1992 - Quit India Movement - VIP and Proof Set

This Post gives the details of the Proof Set. For Proof set refer to Next Post

To mark the 50 years of Quit India Movement that played a vital role in India's Independence, a VIP Set, 3 Proof set and 5 UNC Sets were released.

The details are;

The Quit India Movement, or the August Movement (August Kranti) was a civil disobedience movement launched in India in August 1942 in response to Mohandas Gandhi's call for immediate independence. Gandhi hoped to bring the British government to the negotiating table. Almost the entire Indian National Congress leadership, and not just at the national level, was put into confinement less than twenty-four hours after Gandhi's speech, and the greater number of the Congress leaders were to spend the rest of World War II in jail.
By 1942, Indians were divided over World War II, as the British Governor-General of India, Lord Linlithgow, had unilaterally and without consultation brought India into the war. Some wanted to support the British in their Battle of Britain, hoping for eventual independence through this support. Others were enraged by the British disregard for Indian intelligence and civil rights, and were unsympathetic to the travails of Britons in the United Kingdom.
At the outbreak of war, the Congress Party had passed a resolution during the Wardha meeting of the working-committee in September 1939, conditionally supporting the fight against fascism, but were rebuffed when they asked for independence in return. Gandhi had not supported this initiative, as he could not reconcile an endorsement for war (he was a committed believer in non-violent resistance to tyranny, used in the Indian Independence Movement and proposed even against Adolf Hitler, Benito Mussolini, and Hideki Tojo). However, at the height of the Battle of Britain, Gandhi had stated his support for the fight against racism and of the British war effort, stating he did not seek to raise a free India from the ashes of Britain. However, opinions remained divided.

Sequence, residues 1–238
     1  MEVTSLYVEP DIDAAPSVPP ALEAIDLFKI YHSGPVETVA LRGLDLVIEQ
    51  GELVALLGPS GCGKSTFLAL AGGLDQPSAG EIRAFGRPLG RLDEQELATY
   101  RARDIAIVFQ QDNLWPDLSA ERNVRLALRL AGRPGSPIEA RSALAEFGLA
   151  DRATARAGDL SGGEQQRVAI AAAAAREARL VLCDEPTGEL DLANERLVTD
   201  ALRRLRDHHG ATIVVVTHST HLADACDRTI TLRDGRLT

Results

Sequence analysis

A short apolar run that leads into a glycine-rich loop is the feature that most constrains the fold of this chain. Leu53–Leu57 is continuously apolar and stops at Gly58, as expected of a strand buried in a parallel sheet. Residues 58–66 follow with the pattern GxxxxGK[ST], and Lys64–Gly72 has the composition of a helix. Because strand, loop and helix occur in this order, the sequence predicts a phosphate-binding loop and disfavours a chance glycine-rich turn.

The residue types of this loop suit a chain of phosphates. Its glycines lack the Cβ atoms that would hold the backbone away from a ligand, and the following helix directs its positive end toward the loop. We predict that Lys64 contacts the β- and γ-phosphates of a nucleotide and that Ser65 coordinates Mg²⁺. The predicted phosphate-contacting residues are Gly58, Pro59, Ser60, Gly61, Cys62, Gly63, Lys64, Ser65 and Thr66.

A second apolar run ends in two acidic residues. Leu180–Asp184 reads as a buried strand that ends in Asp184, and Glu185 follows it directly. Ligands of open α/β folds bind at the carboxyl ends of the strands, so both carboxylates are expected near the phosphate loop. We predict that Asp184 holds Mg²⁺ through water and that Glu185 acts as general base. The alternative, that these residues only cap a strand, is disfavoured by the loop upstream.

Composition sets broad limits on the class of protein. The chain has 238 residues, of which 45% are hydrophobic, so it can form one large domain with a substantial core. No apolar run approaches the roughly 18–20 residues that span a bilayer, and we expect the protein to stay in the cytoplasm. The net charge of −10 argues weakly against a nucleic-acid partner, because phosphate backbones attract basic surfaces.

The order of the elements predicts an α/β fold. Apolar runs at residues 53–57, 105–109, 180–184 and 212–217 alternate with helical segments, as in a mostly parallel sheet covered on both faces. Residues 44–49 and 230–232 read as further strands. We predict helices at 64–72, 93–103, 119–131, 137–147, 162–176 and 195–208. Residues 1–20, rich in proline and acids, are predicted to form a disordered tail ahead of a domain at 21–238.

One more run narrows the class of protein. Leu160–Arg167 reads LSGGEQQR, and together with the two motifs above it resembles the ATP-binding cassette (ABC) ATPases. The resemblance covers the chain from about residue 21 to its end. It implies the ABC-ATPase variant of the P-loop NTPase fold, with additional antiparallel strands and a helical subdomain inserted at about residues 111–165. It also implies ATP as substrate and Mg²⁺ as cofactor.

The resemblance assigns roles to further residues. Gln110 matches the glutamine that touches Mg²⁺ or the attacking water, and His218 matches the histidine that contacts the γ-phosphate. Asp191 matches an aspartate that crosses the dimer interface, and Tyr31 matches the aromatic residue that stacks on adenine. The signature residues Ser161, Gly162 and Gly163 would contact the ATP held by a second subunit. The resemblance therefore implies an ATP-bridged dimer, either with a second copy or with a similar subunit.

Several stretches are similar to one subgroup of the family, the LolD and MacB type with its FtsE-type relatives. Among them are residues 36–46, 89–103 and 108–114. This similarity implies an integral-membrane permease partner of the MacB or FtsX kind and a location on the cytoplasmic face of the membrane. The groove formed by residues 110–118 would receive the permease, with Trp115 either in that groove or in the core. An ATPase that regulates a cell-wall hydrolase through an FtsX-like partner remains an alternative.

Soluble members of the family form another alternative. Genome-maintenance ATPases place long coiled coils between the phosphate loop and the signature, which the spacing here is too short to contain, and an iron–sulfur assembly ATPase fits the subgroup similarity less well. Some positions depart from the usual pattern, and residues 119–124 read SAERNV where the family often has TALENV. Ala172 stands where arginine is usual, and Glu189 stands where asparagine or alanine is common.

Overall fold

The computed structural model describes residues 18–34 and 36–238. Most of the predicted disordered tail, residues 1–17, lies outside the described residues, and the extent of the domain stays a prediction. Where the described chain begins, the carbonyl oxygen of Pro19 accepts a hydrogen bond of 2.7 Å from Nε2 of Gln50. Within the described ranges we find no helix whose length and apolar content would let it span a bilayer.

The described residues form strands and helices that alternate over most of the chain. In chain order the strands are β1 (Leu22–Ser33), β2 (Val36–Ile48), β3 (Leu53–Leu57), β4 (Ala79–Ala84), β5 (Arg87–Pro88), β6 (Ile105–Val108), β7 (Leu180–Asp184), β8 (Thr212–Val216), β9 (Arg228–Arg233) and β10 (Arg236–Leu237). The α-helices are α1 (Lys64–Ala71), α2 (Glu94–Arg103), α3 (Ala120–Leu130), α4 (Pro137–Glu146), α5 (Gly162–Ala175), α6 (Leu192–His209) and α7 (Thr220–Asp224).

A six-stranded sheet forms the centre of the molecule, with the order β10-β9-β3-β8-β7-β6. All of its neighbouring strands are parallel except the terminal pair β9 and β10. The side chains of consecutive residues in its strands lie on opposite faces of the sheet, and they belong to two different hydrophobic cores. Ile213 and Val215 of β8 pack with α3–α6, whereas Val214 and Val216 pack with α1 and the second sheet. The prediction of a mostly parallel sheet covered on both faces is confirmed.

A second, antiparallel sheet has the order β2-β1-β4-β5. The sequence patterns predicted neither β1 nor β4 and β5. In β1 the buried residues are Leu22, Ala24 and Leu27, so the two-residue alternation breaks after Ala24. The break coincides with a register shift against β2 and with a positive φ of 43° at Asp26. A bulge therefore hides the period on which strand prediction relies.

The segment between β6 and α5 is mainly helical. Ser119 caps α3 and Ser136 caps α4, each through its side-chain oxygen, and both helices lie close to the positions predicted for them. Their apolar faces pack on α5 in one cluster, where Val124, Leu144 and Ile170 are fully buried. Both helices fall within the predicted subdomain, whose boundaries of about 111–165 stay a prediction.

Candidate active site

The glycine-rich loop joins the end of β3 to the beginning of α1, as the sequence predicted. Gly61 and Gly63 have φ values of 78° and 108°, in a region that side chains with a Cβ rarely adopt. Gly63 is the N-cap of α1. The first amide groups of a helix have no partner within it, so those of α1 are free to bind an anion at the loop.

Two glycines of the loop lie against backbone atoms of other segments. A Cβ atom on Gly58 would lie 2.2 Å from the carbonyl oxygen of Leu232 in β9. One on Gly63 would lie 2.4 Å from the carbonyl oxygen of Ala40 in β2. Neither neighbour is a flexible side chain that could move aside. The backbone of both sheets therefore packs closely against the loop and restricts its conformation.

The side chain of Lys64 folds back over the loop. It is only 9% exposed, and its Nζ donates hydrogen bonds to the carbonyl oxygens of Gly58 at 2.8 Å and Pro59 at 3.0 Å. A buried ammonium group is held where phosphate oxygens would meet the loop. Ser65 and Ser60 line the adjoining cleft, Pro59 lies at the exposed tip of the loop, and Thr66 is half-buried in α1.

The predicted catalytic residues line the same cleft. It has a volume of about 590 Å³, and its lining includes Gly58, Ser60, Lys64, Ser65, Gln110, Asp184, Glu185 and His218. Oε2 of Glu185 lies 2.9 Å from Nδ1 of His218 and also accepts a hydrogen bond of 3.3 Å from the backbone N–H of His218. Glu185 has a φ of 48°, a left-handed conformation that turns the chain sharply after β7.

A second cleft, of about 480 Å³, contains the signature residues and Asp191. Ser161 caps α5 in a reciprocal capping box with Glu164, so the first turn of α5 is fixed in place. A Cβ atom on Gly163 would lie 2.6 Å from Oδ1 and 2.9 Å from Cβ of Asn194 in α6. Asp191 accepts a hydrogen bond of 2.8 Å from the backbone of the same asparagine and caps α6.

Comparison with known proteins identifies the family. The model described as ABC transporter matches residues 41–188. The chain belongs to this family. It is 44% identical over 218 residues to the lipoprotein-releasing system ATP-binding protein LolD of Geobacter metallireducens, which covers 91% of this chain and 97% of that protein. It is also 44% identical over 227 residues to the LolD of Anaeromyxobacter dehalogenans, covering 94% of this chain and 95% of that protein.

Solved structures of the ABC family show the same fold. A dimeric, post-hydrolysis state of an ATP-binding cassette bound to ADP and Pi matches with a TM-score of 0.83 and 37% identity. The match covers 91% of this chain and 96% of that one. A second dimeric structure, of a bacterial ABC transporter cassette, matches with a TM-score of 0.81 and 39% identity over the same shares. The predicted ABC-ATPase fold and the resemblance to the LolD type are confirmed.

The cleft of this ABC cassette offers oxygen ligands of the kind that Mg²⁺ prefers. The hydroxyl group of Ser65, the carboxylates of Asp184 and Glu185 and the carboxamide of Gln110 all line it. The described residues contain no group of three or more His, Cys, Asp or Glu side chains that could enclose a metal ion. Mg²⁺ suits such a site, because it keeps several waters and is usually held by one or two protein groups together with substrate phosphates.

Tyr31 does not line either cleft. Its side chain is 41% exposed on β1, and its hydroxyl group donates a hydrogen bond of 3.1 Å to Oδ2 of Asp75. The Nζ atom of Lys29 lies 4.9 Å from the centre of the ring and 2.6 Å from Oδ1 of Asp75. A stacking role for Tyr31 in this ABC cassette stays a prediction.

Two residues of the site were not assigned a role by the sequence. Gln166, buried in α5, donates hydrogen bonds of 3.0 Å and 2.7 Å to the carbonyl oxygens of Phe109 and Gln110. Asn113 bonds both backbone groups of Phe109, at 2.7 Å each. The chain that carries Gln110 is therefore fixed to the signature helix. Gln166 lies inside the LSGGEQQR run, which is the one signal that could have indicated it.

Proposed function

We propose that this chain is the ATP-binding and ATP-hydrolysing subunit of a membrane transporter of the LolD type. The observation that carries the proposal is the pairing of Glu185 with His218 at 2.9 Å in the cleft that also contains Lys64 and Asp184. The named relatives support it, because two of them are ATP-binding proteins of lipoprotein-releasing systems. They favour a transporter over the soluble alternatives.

After the onset of the war, only a group led by Netaji Subhas Chandra Bose took any decisive action. Bose organized the Indian National Army with the help of the Japanese, and, soliciting help from the Axis Powers, conducted a guerrilla war against the British authorities.
On July 14, 1942, the Indian National Congress passed a resolution demanding complete independence from the British government. The draft proposed that if the British did not accede to the demands, massive civil disobedience would be launched.
However, it proved to be controversial within the party. A prominent Congress national leader Chakravarti Rajgopalachari quit the Congress over this decision, and so did some local and regional level organizers. Jawaharlal Nehru and Maulana Azad were apprehensive and critical of the call, but backed it and stuck with Gandhi's leadership till the end. Sardar Vallabhbhai Patel,Dr. Rajendra Prasad and Dr Anugrah Narayan Sinha were openly and enthusiastically in favor of such a disobedience movement, as were many veteran Gandhians and socialists like Asoka Mehta and Jayaprakash Narayan.
The Congress had lesser success in rallying other political forces under a single flag and mast. Smaller parties like the Communist Party of India and the Hindu Mahasabha opposed the call. Muhammad Ali Jinnah's opposition to the call led to large numbers of Muslims cooperating with the British, and the Muslim League obtaining power in the Imperial provincial governments.
On August 8, 1942 the Quit India Resolution was passed at the Bombay session of the All India Congress Committee (AICC). In a speech at Gowalia Tank, Bombay, Gandhi told Indians to follow non-violent civil disobedience. He told the masses to act as an independent nation. His call found support among a large number of Indians.

VIP Set: All 4 Coins of Rs 100, Rs 50, Rs 10 and Rs 1

Proof Set: Coins of Rs 100, Rs 50, Rs 10 and Rs 1

Proof Set:
2 Coin Set of Rs 100 and Rs 50

Proof Set:
Single Coin of Rs 100

UNC Set: All Coins of Rs 100, Rs 50, Rs 10 and Rs 1
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